Mooring Chain Prelude FLNG

Oil & Gas

Cargo 10.178,60 mT of Anchor Chains + 15 containers with connectors
From Bilbao, Spain
To Batam, Indonesia
Details SBM Offshore contracted NMT Global Project Logistics to move a consignment of approximately 10,178 tonnes of mooring chain from Bilbao to Batam. The chains were the largest chains ever produced and designed to withstand loads generated by a 1:10,000 year storm.

Due to the draft limitations in Bilbao and Batam, it was not feasible to load all 10,178 tonnes of chains on a single shipment. The optimum solution was to ship the chains into two shipments with a minimum 20-day gap between the arrival dates of the two vessels. This was in order to ensure that the receivers had sufficient time to transport the chains from the first shipment off the receiving quay and into storage.

On our customer’s behalf, we negotiated a contract with the ship owner’s and provided technical expertise and assistance throughout. This assistance commenced with a HAZID meeting with all parties involved to identify potential hazards throughout the operation and put appropriate control measures in place to control identified risks. We incorporated the HAZID output in our Transport Manual, which included:

• Mooring plans for the vessel.
• Vessel loading/offloading sequence, including relevant stability and ballasting plans and calculations.
• Cargo lashing and securing calculations for vessel including NDT of welds.
• Voyage plan, including weather restrictions and route criteria.
• Draft surveys, quay specifications.
• Safety measures.
• All equipment (Class) certifications

NMT Global Project Logistics were engaged to attend all meetings, toolbox talks and to manage loading operations.

The chains were initially loaded at the Deusto Channel in Bilbao using two large mobile cranes onto barges. The barges delivered the chains to Santurzi port and the chains discharged onto the quayside.

Once the attending Marine Warranty Surveyor had approved the Transport Plan, loading operations commenced. Particular care was required during cargo handling operations to maintain vessel and cargo stability. We loaded the chains using two port cranes operating in tandem and working hand over hand. The cranes alternately lifted pre-slung bundles of chain into the vessel’s hold with a connecting length of chain between each bundle. Before each lift, we visually inspected the lifting slings for integrity.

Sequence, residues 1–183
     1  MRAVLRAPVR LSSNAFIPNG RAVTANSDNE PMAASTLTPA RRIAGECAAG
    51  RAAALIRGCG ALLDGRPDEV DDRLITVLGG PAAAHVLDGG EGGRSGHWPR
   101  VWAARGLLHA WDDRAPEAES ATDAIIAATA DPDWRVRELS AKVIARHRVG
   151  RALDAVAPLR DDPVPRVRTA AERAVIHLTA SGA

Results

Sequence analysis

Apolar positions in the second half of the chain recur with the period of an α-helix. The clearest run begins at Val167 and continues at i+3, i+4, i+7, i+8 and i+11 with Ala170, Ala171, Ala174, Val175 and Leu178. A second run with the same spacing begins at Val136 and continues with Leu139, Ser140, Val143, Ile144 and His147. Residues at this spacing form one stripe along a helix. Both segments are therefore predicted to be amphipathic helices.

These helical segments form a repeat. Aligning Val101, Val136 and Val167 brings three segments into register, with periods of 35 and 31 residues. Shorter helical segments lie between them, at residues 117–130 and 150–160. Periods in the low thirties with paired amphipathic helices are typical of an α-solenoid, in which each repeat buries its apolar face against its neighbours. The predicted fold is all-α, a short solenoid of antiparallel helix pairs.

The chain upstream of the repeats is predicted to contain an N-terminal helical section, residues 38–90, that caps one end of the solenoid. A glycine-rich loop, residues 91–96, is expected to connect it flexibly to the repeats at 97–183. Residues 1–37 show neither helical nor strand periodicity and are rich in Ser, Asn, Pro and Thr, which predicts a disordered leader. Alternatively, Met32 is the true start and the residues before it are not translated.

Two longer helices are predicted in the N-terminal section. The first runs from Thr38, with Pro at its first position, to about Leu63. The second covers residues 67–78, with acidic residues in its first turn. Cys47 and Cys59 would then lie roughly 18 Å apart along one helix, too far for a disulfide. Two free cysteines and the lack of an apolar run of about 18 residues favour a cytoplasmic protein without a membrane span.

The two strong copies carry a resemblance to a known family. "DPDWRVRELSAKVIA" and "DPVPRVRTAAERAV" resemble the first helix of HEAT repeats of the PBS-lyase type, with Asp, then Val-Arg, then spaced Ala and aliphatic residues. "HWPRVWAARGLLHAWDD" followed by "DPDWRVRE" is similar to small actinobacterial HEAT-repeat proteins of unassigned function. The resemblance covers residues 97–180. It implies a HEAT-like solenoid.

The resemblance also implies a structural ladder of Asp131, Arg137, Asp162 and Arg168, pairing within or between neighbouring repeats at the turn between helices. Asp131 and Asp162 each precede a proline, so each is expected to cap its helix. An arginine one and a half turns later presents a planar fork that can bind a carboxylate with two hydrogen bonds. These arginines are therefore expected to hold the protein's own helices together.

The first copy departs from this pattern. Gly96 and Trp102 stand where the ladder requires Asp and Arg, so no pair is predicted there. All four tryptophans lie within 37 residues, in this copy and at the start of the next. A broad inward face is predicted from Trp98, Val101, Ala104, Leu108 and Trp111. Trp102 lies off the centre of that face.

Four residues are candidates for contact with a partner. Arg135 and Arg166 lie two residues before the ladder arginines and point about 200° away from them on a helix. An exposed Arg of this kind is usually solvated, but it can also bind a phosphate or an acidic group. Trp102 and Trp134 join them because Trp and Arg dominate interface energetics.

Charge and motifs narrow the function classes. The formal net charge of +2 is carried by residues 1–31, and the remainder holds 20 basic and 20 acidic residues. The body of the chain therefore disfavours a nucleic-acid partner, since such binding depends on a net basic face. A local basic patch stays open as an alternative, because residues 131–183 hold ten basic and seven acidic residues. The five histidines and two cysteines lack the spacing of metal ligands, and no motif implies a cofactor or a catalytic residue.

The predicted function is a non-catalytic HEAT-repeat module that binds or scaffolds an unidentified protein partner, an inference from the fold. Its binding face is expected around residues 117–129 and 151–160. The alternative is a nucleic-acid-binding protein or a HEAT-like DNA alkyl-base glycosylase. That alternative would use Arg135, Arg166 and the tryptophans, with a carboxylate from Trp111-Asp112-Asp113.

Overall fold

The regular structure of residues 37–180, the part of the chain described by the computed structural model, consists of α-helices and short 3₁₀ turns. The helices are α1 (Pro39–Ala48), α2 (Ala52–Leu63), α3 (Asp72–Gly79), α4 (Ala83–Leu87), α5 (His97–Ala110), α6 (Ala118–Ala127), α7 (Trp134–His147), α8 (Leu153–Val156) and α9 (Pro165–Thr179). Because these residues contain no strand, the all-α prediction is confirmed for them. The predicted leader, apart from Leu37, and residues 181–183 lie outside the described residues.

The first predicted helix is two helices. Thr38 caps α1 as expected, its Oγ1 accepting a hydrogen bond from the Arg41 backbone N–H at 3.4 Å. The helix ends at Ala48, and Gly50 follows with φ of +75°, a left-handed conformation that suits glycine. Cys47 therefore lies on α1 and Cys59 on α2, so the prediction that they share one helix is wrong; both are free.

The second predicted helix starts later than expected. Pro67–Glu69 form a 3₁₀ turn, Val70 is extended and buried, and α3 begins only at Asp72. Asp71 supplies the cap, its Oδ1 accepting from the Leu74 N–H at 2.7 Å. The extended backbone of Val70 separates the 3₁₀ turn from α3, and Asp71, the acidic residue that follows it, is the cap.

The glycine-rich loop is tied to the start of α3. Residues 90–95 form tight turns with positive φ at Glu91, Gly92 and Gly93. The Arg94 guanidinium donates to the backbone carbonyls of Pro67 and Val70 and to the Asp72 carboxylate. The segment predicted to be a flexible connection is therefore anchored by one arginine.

It was necessary to secure the cargo on-board the vessel in order to prevent movement of cargo due to vessel motion during the ocean voyage. The nature of the cargo required the crew to move around on the chains in order to attach the lashings. This presented a high likelihood of personal injury. The Transport Manual identified this and included a Risk Assessment to control this specific operation. We reiterated the hazards and control measures to those involved in the lashing operation during our daily toolbox meetings.

Loading and securing took approximately one week per vessel.

We loaded the second vessel approximately three weeks after the first vessel had sailed from Bilbao. This shipment included a number of 20’ open top containers that NMT had purchased for SBM Offshore. These units contained ancillary components that we had loaded into the containers and secured prior to the arrival of the second vessel.

In Batam, both vessels arrived within the agreed timeframe.

We are proud to say that although the operation presented a high potential risk of injury, this was controlled and resulted in no incidents or injuries throughout the operation, which we performed to the highest QHSSE standards that our customers expect of us.
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